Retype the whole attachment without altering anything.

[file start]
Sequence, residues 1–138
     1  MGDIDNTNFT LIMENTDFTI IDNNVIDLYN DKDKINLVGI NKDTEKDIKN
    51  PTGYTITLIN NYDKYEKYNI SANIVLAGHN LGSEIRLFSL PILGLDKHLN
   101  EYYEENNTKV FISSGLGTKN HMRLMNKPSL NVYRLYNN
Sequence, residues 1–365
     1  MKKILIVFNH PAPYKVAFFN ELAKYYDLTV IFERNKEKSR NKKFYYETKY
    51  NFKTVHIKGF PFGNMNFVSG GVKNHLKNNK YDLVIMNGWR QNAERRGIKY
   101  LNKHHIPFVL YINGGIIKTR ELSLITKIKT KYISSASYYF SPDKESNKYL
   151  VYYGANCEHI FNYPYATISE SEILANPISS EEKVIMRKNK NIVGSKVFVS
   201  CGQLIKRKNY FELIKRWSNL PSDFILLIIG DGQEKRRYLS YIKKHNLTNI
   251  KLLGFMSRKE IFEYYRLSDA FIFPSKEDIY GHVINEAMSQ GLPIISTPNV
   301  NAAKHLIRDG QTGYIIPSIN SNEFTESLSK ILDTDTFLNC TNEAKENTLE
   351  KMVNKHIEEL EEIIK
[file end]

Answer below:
Sequence, residues 1–138
     1  MGDIDNTNFT LIMENTDFTI IDNNVIDLYN DKDKINLVGI NKDTEKDIKN
    51  PTGYTITLIN NYDKYEKYNI SANIVLAGHN LGSEIRLFSL PILGLDKHLN
   101  EYYEENNTKV FISSGLGTKN HMRLMNKPSL NVYRLYNN
Sequence, residues 1–365
     1  MKKILIVFNH PAPYKVAFFN ELAKYYDLTV IFERNKEKSR NKKFYYETKY
    51  NFKTVHIKGF PFGNMNFVSG GVKNHLKNNK YDLVIMNGWR QNAERRGIKY
   101  LNKHHIPFVL YINGGIIKTR ELSLITKIKT KYISSASYYF SPDKESNKYL
   151  VYYGANCEHI FNYPYATISE SEILANPISS EEKVIMRKNK NIVGSKVFVS
   201  CGQLIKRKNY FELIKRWSNL PSDFILLIIG DGQEKRRYLS YIKKHNLTNI
   251  KLLGFMSRKE IFEYYRLSDA FIFPSKEDIY GHVINEAMSQ GLPIISTPNV
   301  NAAKHLIRDG QTGYIIPSIN SNEFTESLSK ILDTDTFLNC TNEAKENTLE
   351  KMVNKHIEEL EEIIK